The Impact of Architecture on Academic Performance: How Exam Hall Design Affects Student Success

▴ How Exam Hall Design Affects Student Success
This study reveals how the design of a space can affect task performance, showing that students perform relatively poorly in their exams when they take them in large rooms with high ceilings.

Imagine you did everything right for your exam, made notes, studied well in advance, slept well, and even revised before the exam. Yet, your scores were lower than you expected. Surprisingly, the issue might not be with your study habits, but rather something else entirely. A new study from the University of South Australia and Deakin University uncovers a bizarre connection between academic performance and architecture. This study reveals how the design of a space can affect task performance, showing that students perform relatively poorly in their exams when they take them in large rooms with high ceilings.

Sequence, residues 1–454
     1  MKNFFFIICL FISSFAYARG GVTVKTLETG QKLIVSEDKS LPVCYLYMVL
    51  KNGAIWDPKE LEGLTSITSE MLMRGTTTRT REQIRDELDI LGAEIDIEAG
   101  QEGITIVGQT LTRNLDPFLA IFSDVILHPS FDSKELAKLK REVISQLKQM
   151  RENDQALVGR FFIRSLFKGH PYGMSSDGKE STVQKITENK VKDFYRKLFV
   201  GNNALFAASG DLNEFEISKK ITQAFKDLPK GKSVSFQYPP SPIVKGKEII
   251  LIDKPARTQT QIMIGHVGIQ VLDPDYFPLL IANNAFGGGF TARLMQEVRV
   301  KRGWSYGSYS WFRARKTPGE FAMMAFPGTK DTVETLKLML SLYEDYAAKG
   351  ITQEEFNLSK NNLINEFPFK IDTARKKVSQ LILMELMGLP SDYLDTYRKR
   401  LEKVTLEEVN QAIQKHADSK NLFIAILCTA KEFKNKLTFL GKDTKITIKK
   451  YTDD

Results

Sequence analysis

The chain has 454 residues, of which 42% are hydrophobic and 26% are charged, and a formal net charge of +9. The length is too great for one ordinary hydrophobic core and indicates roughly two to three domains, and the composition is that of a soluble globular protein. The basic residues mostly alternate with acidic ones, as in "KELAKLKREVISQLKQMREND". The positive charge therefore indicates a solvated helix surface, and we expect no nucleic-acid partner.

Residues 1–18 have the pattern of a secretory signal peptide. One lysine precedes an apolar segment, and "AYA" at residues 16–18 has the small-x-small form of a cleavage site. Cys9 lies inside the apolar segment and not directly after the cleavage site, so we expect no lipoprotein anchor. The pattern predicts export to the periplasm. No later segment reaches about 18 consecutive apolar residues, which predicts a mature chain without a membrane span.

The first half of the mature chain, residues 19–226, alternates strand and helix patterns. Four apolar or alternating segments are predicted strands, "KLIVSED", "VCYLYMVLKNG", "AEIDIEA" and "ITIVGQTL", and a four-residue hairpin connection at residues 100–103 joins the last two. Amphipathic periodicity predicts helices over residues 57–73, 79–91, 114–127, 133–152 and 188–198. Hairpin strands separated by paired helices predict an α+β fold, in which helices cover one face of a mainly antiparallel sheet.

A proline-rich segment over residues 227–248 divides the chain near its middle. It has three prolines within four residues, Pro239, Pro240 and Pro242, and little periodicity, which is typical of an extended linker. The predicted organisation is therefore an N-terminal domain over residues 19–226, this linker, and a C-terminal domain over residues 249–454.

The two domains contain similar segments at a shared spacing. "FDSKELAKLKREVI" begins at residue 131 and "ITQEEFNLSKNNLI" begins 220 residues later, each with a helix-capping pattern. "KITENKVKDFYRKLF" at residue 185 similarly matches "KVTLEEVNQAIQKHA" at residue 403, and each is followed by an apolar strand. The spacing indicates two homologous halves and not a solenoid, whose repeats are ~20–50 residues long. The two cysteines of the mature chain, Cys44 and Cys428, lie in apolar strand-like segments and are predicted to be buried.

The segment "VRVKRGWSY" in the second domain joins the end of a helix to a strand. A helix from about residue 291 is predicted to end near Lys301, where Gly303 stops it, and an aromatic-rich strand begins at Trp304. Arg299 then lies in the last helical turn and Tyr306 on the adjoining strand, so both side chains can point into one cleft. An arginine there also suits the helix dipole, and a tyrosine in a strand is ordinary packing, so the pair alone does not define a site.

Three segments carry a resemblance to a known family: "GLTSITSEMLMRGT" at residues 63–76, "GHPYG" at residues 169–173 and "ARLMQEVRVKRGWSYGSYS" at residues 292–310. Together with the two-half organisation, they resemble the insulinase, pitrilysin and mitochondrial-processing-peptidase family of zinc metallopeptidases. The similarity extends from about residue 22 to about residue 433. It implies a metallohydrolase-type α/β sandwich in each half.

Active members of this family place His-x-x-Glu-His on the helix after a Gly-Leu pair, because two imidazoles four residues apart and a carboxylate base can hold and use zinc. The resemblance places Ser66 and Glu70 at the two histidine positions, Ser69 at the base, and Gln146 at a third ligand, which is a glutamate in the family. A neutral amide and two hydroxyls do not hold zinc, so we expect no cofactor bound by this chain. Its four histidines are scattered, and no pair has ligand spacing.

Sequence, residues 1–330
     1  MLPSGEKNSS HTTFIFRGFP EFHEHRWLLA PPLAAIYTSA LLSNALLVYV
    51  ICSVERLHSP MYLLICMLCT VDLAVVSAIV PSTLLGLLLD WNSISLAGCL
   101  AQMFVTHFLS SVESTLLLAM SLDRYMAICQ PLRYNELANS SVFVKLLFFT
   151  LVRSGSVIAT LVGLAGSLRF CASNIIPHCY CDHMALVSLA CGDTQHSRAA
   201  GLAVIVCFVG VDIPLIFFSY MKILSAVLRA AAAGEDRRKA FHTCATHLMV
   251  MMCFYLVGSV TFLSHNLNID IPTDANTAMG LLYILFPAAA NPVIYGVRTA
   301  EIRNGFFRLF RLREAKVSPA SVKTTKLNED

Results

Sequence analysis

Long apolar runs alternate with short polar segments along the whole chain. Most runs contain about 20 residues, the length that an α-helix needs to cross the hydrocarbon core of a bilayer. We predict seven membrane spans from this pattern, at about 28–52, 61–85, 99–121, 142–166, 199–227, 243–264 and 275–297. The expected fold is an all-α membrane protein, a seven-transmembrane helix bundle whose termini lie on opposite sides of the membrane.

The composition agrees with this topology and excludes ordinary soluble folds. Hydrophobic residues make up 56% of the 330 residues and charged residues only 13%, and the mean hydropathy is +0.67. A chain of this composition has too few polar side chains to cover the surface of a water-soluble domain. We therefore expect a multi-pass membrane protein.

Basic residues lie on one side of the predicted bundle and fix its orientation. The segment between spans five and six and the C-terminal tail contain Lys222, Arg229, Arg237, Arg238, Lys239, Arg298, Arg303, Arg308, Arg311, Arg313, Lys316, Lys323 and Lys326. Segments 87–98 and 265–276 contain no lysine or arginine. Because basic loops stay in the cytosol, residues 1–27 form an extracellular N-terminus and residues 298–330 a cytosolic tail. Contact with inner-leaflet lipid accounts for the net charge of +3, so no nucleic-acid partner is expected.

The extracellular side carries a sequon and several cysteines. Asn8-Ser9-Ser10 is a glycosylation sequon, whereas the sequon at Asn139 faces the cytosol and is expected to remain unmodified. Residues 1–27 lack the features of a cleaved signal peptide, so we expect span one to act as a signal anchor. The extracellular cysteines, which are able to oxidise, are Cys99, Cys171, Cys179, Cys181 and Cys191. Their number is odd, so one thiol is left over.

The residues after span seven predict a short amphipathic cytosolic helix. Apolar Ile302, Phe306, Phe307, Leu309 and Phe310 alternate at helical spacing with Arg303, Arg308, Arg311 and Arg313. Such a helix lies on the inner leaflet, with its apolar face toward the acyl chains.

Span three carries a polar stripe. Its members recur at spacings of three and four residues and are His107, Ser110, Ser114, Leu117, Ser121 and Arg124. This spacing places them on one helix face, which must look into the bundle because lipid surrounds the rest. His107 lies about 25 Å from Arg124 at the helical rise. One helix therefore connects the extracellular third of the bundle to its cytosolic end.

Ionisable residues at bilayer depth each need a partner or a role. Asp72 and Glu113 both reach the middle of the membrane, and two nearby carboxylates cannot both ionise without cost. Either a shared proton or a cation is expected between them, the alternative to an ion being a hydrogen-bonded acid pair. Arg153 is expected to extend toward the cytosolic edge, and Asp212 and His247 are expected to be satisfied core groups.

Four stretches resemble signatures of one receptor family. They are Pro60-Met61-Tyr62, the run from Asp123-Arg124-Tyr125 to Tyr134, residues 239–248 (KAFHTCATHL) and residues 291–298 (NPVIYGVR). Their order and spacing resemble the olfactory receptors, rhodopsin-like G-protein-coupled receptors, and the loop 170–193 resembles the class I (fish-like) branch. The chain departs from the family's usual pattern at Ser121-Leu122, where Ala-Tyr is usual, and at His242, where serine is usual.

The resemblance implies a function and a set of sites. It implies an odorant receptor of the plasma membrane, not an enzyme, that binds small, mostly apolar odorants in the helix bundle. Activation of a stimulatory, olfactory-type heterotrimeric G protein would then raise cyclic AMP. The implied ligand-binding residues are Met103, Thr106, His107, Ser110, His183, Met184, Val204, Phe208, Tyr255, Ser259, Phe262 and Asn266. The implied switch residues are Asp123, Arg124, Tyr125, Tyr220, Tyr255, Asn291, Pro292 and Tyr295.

Researchers evaluated over 15,400 undergraduate students across eight years on different university campuses. They considered prior academic performance and student differences in socioeconomic status, age, sex, and year of examination for standardized analysis. This extensive study revealed that the architecture of exam halls plays a significant role in student performance.